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Schooner Ebenezer, L. & S. Svendsen Main Page >>

BurdenBuiltShipowner or operator Dimensions
57 kl 1847 at Stavanger, Norway L. & S. Svendsen, Stavanger, Norway  
 1848 Captain H. C. Clausen  from Stavanger to New York June 24  Passenger list: Passenger list 
 1849 Captain H. C. Clausen  from Stavanger Apr. 26 to New York June 18  Passenger list: Passenger list 
 1850 Captain H. C. Clausen  from Stavanger Apr. 19 to New York May 15  Passenger list: Passenger list 
 1851 Captain H. C. Clausen  from Stavanger to New York June 2  Passenger list: Passenger list 
 1853 Captain H. C. Clausen  from Stavanger Apr. 18 to New York May 29  Passenger list: Passenger list 
The information listed above is not the complete record of the ship. The information was collected from a multitude of sources, and new information will be added as it emerges
The Ebenezer was built in 1847 at Jacob Kielland & Søns ship yard by Knud Kaisen. She was built for L. & S. Svendsen who owned her from 1847 to 1865. The Ebenezer was a schooner of about 199 tons. She made 5 voyages from Stavanger to New York with Norwegian emigrants. She first crossed in 1848, the year after she had been built, and the last voyage with emigrants was in 1853. On all of these voyages she was mastered by Capt. Clausen, who mastered the ship for 10 years. The Ebenezer was one of the fastest of the Norwegian emigrant ships. Her record crossing was 30 days from Stavanger to New York in 1850.

This is picture of the Ebenezer is from a photograph belonging to the Stavanger Sjøfartsmuseum. You can order a copy by contacting them, (picture reference: no. 45) They also have another picture of her (ref. no 353). Remember to include all details when ordering.

Below is a translated letter telling about the 1851 voyage. It was sent back to Borhaug, Vest Agder from Zacharias CHRISTOPHERSEN to his brother. Info on Zacharias on p. 863 of Listaboka,1980. This translation was supplied to David L. Johnson in 1995 by a newly found cousin (Ruth Niermeyer, nee JOHNSON) that he located while researching his Norwegian roots. David have made this letter available to us, but would like to give credit to Ruth and Russell Niermeyer in supplying this wonderful piece of history. Both Ruth and David are first cousins, twice removed to Jan Hendrig(k) mentioned in the letter. Gabriel S. WATNE (SAKARIASEN) and Malene S. WATNE ( SAKARIASDATTER) were also on the schooner and from Vatne, Vest Agder and can be found on p. 864 of Listaboka, 1980. They were cousins to Zacharias.


June 1, 1851

Christoffer Svendson Watne

We came happily to New York the first of June this year. We had a pleasant trip to America. Our dear Savior was merciful and kept us from all danger and harm. We got a good breeze as we left from Stavanger, which lasted about 14 days, but then we got storm and contrary wind a couple of days, and good weather again and the wind variable so that it went fast with the trip. We were aboard 5 weeks on the trip. Sunday, April 27th we sailed from Stavanger and Sunday, June 1st, we arrived in New York. With the seasickness it went fairly well. Jan Hendrig became entirely well in a few days. With Christopher it lasted 8 - 10 days before he became entirely well. Malene did not get well until we arrived. She was sick off and on, but now is well, and all are well and active. The sail trip went off well without danger, but a very strange thing I must tell you: The time we came to the eastern Newfoundland Banks we saw 8 great Icebergs. They seemed like off the foresale boom(?). We calculated they could be about 200 feet high. That you may not believe, but we think so. Yet none of them was nearer, than one mile (Norwegian or sea mile) from us. We are living, God be praised, all well and in good health.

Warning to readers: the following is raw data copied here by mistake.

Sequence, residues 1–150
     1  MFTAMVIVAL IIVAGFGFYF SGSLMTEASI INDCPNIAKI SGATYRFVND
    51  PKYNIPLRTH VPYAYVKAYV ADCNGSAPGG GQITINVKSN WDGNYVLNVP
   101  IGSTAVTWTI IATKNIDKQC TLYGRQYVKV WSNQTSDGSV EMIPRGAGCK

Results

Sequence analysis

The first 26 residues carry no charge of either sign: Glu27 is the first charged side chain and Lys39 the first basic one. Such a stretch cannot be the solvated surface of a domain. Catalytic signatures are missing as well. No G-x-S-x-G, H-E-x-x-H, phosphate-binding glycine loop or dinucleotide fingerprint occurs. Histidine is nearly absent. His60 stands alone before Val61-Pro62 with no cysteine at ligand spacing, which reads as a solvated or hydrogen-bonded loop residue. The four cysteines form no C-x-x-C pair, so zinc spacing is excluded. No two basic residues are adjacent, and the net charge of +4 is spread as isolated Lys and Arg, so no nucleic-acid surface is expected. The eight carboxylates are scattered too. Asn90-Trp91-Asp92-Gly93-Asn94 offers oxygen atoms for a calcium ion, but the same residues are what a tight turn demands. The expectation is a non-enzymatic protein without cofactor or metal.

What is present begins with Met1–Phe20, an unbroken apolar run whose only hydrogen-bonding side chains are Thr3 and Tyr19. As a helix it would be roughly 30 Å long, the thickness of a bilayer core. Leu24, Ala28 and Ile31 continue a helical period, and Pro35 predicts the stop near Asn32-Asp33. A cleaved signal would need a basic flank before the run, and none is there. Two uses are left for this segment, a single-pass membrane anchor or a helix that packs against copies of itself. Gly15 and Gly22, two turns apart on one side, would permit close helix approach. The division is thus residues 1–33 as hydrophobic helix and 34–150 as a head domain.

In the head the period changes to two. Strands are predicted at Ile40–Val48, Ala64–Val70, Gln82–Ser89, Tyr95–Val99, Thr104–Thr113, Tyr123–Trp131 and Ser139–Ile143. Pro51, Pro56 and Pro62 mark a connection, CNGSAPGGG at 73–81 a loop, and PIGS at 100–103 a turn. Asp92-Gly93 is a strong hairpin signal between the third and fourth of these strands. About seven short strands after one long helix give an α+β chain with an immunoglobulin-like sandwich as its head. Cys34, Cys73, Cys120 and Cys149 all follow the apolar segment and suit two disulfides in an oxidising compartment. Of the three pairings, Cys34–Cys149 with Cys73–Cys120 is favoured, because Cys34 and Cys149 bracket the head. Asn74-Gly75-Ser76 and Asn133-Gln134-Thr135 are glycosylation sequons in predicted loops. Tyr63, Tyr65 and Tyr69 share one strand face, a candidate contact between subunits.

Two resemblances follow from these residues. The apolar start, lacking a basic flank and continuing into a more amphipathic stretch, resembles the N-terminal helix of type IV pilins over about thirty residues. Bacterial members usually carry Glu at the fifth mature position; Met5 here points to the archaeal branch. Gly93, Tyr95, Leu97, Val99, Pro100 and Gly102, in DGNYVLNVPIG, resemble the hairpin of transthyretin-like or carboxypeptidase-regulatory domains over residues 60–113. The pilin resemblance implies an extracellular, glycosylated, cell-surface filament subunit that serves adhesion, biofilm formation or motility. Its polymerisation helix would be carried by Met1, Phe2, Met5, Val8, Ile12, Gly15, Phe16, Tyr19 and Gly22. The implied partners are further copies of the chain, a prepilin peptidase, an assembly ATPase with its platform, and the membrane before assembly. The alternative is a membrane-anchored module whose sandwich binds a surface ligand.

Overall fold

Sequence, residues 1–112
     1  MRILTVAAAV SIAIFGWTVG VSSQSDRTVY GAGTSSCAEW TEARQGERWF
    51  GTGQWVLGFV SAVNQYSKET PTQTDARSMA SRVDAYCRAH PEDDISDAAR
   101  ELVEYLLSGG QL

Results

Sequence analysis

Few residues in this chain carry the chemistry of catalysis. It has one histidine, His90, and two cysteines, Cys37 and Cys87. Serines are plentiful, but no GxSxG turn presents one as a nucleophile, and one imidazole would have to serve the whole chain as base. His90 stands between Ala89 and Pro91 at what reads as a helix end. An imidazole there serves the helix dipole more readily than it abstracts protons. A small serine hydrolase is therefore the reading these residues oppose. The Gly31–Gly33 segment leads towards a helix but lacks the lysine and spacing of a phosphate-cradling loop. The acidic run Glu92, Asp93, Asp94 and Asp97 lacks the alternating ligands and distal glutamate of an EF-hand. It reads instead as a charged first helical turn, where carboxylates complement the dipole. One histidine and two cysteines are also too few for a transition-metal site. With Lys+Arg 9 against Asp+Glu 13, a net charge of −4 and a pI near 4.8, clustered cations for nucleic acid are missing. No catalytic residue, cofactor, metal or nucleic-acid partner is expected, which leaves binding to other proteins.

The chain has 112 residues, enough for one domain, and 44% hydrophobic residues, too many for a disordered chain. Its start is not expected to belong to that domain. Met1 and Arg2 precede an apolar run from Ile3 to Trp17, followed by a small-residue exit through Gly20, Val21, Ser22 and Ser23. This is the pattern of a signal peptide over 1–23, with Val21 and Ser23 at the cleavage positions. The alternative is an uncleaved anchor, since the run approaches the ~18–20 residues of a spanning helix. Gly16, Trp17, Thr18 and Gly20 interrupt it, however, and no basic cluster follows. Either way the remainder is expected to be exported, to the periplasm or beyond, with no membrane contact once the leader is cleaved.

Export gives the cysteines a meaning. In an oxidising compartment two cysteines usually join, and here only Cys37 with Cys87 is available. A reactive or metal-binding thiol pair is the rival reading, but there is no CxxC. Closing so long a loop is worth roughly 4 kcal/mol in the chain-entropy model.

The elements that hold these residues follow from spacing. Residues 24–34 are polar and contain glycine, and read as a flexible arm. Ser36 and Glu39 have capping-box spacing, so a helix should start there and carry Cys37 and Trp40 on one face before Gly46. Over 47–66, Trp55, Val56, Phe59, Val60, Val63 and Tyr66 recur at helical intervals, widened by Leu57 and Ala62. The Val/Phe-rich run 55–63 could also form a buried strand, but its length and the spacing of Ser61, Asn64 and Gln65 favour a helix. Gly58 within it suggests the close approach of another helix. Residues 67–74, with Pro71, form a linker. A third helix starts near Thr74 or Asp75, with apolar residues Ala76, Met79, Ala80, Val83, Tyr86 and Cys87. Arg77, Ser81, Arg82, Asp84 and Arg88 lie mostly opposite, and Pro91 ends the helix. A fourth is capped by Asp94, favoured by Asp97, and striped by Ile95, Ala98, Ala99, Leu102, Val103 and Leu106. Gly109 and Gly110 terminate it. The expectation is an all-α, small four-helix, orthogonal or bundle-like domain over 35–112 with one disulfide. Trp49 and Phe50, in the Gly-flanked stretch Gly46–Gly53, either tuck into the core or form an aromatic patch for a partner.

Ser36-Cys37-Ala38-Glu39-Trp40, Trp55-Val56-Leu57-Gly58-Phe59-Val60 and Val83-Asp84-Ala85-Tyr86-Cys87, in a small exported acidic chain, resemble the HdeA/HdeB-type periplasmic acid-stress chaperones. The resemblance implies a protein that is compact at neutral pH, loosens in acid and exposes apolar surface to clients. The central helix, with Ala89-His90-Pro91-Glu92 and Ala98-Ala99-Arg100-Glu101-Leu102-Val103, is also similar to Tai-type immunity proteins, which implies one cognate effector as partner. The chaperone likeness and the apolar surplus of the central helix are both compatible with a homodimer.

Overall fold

Wednesday, June 4, we shall in God's name continue the trip inland. The price is about 4 dollars for each person. All is well on board. Captain Clausen is a good man, he is a good sailor, friendly and accommodating. Now I have no more to write except best wishes from me and my children. With love from us to father, mother, and "søskend" (brothers and sister) and also to Grandma Borhaug, (Mobre and Moster) (Mother's brother and mother's sister).

Our Lord and Savior's grace be with us and all of you.

Gabriel and Malene wish to be remembered to Reinert and all "søskend." etc. etc.

Zacharias Christophersen Wathne


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A selection of articles dedicated to help you in your genealogy search for your Norwegian ancestors. Transcripts and pictures of historic documents in connection with the ships and emigration. Also including articles about Pioneers & Norwegian Settlements Around the World
Articles about selected ships ships and special events in their history. Descriptions of some of the great maritime disasters involving emigrant ships, like the wrecking of the steamer Atlantic of the White Star Line, sinking of the ocean liner Empress of Ireland and the Thingvalla line steamer Norge disaster. Check this section if you have an interest in shipwrecks.
This section contains articles describing the transatlantic voyage, the condition of the steerage accommodations and the experience of an ocean travel on an emigrant ship. You will find in-depth studies concerning the emigration process, statistics and facts, and information about the immigration processing centers line Castle Garden and Ellis Island.
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